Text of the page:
“Oho, so you’re studying at Kathmandu University’s music department?” The immigration official asked me as he glanced over my paperwork.
I was one of many foreigners crowded around the desk in “room 106,” why, I’m not entirely sure. But apparently we needed this guy to dribble red ink all over our application forms as evidence of his approval so we could get our visas.
“Hajur,” I replied the affirmative.
“What will you be learning?”
“Oh, that’s easy! You just play ‘dang, dang’!” He dribbled red ink under the photo on my application and handed the stack of papers back to me. I managed a half smile and went back to the desk outside, crowded today mainly with foreign men who had apparently married Nepali women and were looking to get marriage visas.
I have discovered that playing madal involves more than ‘dang, dang.’ There’s lots of ‘na,’ ‘ti,’ ‘ga,’ and combinations thereof—‘ghe’ (ge and na combined), ‘tin’ (kha and ti combined). It involves sitting for long periods of time cross-legged on the floor with this double-headed drum across your lap. It can mean waiting for over an hour for your teacher to show up, because he lost his appointment book and forgot that your lesson at 9 was the first of his day, not the tabla class for undergrad students at 10. It can also include hearing stories concerning other foreign students. Such as “Miriam” from South Africa, who has been learning the same madal exercise for the past four months and still hasn’t mastered it. This is confusing for my teacher, for, she is from Africa; shouldn’t she have an innate sense of rhythm? “Its ok, she’s not sitting for exams,” my teacher said, “but, I get really bored after a while.”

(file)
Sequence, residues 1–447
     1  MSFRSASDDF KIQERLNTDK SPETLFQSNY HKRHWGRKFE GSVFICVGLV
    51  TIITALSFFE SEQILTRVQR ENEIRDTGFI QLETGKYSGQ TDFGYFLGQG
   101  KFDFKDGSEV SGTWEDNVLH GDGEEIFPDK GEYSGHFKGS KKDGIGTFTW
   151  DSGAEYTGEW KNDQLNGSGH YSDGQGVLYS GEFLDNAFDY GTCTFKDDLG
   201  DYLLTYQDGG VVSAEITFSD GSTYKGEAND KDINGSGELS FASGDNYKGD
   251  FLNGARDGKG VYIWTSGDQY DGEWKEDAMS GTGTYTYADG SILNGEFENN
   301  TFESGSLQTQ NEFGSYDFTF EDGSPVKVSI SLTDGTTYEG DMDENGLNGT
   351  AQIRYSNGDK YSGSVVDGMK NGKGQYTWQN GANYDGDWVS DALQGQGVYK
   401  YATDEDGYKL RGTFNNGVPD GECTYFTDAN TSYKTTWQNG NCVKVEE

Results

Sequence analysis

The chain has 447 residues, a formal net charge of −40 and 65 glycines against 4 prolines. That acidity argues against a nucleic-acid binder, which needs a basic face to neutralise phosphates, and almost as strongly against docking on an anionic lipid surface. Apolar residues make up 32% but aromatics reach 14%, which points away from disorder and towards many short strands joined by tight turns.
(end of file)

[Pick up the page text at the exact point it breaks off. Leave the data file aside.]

So far, he’s given me a different exercise every time we’ve met. “So, what instruments do you play?” he asked on our first meeting. “Piano,” was my reply. “Oh, good, that means you know about music and can use both hands at the same time,” he said. “You’ll master the madal in four months or so. You can even play it in sangati,” he added, when he found out I was a Christian. He began singing the melody of “king of kings and lord of lords” to “la” and playing a rhythm to go with it—one that was a little more complicated than the one I was used to hearing accompany the song. “Just like that,” he smiled when done.
“Oh, if you go buy a madal, they’ll see your white face and charge you double,” he said when I inquired about where to buy a madal for practice purposes. “And, even if they gave you a fair price, you wouldn’t be able to tell if it’s a good or bad instrument. And you can’t just buy a ready-made madal—those are for tourists. You have to order one, a good one, and it will last you your lifetime. I’ll talk to a maker in Bhaktapur that I know, and order one for you. It will take about a week, and will probably cost around 2000 rupees.” A week later, I carted home a drum on my shoulder that cost me 1400 rupees, with instructions to bring it back in two weeks so he could tune it again. “The skins are new; they have to set, then be tuned again,” he told me. Not too different than having a new piano, I guess, which requires three or four tunings its first year as it accommodates to its new environment and parts. “So, bring it back in two weeks and we’ll do that.”